4. I was meeting my “potential roommate” for Barcelona in Chicago on Thursday evening. I didn’t want to post about it because I thought that I might jinx the introduction. (I also worried that she would read whatever I wrote and freak out about my ridiculously high expectations. WHICH- were all met!)
Nowthat it’s over- I can confidently say that Sara is fabulous. Meeting her has done a job of hammering in this “Oh My God, I’m really going to Spain to do my MBA in two months” feeling. I couldn’t have found a better suited person to live with and I am now, thoroughly excited about my living situation as well.
(Let me add, as well, that I don’t know what I would do without Facebook; I know it would closely resemble walking off a plane and heading straight for a housing agency with god-knows-who to meet as my companera/companero.

5. The final reason I have neglected to write is due to the Spanish Visa situation. Almost two months after the initial experience at the Spanish Consulate in Miami, I arrived for the third time in hopes of receiving my passport. Unfortunately, instead of being handed my Visa, I was asked (AGAIN) why I needed my Visa this early if my program starts in August. I then explained (YET AGAIN) that I do not live in America and therefore, need my passport in my possession in order to leave the country. Additionally, for some reason, they didn’t seem to understand that it may be a good idea to arrive in Spain some time BEFORE the MBA begins in order to get my life into a bit of order. All this- I had to explain in Spanish, because there was not one bi-lingual person available to help me.
Therefore, four days after that lovely experience, I returned again in hopes of attaining my passport. Two hours of standing outside in a line while “ciudadano espanoles” passed me by, I was in fact reunited with my passport- only to find a lovely little THREE MONTH (90 DAY) VISA gracing the pages of my passport!!! Now, I am sure if an International MBA program lasted three months, there would be far more people enrolling in it. However, this is not the case. I couldn’t write about it because I was so angry (with good reason). I never wanted this blog to be a forum for my whining and therefore, restricted myself until I was at a point where I could calmly describe my consulado experience- I have now calmed down a bit and am figuring it out- considering that is really the only option I have.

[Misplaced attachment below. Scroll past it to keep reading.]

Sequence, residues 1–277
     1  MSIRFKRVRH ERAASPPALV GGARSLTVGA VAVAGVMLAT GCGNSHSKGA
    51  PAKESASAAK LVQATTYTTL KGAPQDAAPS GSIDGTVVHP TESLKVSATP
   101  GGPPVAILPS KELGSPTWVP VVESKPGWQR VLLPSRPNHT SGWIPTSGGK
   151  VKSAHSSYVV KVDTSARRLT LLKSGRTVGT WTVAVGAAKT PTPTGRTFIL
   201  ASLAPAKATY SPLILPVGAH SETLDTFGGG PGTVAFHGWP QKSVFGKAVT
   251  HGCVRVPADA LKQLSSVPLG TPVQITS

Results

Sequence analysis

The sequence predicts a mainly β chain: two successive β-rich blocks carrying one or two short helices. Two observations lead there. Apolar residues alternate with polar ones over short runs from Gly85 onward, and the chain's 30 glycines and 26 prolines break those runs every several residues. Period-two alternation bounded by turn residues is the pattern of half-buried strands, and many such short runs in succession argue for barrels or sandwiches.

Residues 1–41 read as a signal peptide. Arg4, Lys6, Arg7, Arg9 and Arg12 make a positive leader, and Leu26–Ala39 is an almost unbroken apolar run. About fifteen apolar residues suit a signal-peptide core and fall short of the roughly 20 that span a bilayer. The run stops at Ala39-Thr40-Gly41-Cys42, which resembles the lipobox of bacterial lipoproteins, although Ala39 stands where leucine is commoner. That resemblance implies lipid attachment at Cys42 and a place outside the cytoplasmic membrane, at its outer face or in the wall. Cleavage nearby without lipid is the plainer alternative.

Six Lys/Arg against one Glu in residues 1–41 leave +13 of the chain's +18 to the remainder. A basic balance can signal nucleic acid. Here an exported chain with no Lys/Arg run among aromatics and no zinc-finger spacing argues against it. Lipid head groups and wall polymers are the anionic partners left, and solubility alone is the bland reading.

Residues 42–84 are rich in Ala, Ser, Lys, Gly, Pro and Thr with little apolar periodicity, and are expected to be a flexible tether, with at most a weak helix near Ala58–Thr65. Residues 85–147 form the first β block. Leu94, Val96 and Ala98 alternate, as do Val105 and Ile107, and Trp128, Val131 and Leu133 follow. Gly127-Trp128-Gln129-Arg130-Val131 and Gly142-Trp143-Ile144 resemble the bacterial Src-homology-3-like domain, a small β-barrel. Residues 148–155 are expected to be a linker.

Thursday, May 15, 2008

Global Love

A week into his "American Holiday," my boyfriend abruptly packed his belongings and flew back to England. I went to bed last night thinking that "tomorrow" would be yet another delightful day playing host to my British boyfriend in Miami.
We had plans- dinner plans, lunch plans, plans to meet friends, plans with family, boat plans, beach plans. Basically- we had a lot of plans. I had it all figured out- to a tee- what our itinerary would be while he was here with me (and I’m generally not a planner…)